First and foremost, you want an attorney who understands the specialized equipment involved in the handling and transport of anhydrous ammonia. Second, you want an attorney who understands the injuries – what an anhydrous ammonia burn entails, and its treatment and prognosis.
Where does anhydrous ammonia come from?
Anhydrous ammonia usually comes from farming operations where it is used as a fertilizer. You will see it being transported on the highways in tankers or being towed in smaller tanks behind pickup trucks. It is something that has to be kept under pressure, and that is where much of the danger comes in. If any equipment that is used to transfer anhydrous ammonia fails, there can be a release of anhydrous ammonia gas. That is where it becomes dangerous.
What type of lawyer works with anhydrous ammonia burns?
Typically, a lawyer who practices in personal injury, but you want someone who specializes in anhydrous ammonia accidents. First and foremost, you want a lawyer who understands the specialized equipment involved in the handling and transport of anhydrous ammonia. And then secondly, you want a lawyer who understands the injuries. You want a lawyer who really knows what an anhydrous ammonia burn is, what the treatment is, what the prognosis is, and how you prove those things in court.
What makes anhydrous ammonia dangerous?
Anhydrous ammonia by definition does not contain water, so when it comes in contact with any bodily tissue that contains water, especially things like eyes, or the throat, or the lungs, it is going to interact with those bodily tissues and essentially cause burning and scarring of those tissues. And this happens immediately, on contact, and it gets worse as time goes on. So those tissues need to be flushed with water as quickly as possible to minimize the burn injury.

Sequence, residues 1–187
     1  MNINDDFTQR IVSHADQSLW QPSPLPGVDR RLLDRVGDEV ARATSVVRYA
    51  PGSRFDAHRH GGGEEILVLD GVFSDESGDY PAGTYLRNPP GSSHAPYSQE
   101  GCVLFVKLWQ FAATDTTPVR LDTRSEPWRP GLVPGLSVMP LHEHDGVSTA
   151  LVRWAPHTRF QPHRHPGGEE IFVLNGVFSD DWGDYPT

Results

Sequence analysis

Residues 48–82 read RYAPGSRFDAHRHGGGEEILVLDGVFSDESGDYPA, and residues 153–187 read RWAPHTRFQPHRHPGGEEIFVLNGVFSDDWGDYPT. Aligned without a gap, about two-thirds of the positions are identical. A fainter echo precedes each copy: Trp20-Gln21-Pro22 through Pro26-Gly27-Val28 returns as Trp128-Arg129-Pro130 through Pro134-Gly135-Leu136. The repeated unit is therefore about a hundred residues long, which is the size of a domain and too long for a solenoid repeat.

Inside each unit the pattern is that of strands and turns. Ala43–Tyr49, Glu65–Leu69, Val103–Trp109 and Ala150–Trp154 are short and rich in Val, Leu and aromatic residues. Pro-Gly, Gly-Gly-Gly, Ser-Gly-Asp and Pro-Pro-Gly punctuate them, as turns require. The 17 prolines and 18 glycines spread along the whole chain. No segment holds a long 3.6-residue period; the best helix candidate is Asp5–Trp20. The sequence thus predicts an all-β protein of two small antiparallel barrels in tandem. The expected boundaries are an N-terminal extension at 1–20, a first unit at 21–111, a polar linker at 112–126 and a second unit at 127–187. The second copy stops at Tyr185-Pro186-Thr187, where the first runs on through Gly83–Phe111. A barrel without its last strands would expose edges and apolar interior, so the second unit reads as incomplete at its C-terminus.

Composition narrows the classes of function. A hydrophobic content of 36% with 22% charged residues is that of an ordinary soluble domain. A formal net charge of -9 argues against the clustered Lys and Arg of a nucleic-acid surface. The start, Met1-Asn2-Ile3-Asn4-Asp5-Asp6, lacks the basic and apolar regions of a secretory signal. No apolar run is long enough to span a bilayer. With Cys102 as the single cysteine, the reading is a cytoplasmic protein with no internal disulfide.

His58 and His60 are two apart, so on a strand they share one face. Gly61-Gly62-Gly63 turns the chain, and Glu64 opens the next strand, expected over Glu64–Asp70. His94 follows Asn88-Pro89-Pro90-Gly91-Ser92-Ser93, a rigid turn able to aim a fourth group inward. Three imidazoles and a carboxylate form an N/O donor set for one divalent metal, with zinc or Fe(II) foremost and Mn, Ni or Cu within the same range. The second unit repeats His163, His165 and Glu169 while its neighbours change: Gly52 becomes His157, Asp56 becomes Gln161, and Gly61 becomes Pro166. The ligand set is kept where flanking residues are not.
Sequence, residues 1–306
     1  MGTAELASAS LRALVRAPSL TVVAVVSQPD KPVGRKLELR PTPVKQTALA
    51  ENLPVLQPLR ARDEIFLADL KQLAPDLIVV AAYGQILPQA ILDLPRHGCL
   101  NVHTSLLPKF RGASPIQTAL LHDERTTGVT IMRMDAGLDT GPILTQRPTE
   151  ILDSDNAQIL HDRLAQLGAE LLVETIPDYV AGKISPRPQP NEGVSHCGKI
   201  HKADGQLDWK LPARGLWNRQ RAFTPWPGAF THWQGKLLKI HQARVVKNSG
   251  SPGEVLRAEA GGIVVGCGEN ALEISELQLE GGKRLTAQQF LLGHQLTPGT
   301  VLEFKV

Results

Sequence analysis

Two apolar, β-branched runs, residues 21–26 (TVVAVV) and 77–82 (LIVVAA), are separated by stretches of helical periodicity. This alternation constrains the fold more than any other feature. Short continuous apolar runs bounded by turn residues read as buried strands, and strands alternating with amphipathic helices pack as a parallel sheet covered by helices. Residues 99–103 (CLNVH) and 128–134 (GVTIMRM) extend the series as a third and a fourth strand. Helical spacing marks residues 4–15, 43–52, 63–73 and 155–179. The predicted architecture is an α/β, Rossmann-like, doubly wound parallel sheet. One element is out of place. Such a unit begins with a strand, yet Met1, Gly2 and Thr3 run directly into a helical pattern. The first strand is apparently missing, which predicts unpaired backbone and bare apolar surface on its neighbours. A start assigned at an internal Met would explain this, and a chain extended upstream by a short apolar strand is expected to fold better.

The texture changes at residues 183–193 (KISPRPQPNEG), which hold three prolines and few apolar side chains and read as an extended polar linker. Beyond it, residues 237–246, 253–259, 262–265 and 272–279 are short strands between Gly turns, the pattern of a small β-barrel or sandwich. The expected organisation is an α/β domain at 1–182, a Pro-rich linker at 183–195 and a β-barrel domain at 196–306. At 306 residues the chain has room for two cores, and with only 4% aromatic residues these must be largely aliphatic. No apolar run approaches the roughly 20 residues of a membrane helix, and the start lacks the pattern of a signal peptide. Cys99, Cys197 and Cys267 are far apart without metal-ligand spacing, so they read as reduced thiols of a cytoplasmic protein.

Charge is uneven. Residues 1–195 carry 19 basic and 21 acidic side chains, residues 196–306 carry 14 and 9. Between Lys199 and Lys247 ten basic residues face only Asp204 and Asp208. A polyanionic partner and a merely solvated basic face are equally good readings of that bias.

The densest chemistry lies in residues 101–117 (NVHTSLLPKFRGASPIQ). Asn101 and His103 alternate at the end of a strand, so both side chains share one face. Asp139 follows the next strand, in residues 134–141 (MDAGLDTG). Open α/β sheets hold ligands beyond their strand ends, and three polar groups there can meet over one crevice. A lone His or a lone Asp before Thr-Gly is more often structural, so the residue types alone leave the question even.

Can you die from anhydrous ammonia?
Absolutely. Anhydrous ammonia can cause a very serious lung injury, and if the scarring to lungs is severe enough, death can occur. Also, anhydrous ammonia can cause severe burns to the skin, and if the burns are severe enough, unfortunately, death can ensue.
Is the transportation of anhydrous ammonia dangerous?
Yes, absolutely. Most states have regulations requiring that those tanks towed behind pickup trucks must be towed at speeds of less than 25 miles per hour. If a truck crashes and the tank ruptures, it can become a huge danger to anyone within the vicinity. The anhydrous ammonia becomes a gas. The gas attacks any of the bodily tissues that have water in them, which tend to be the eyes, the lungs, and the skin.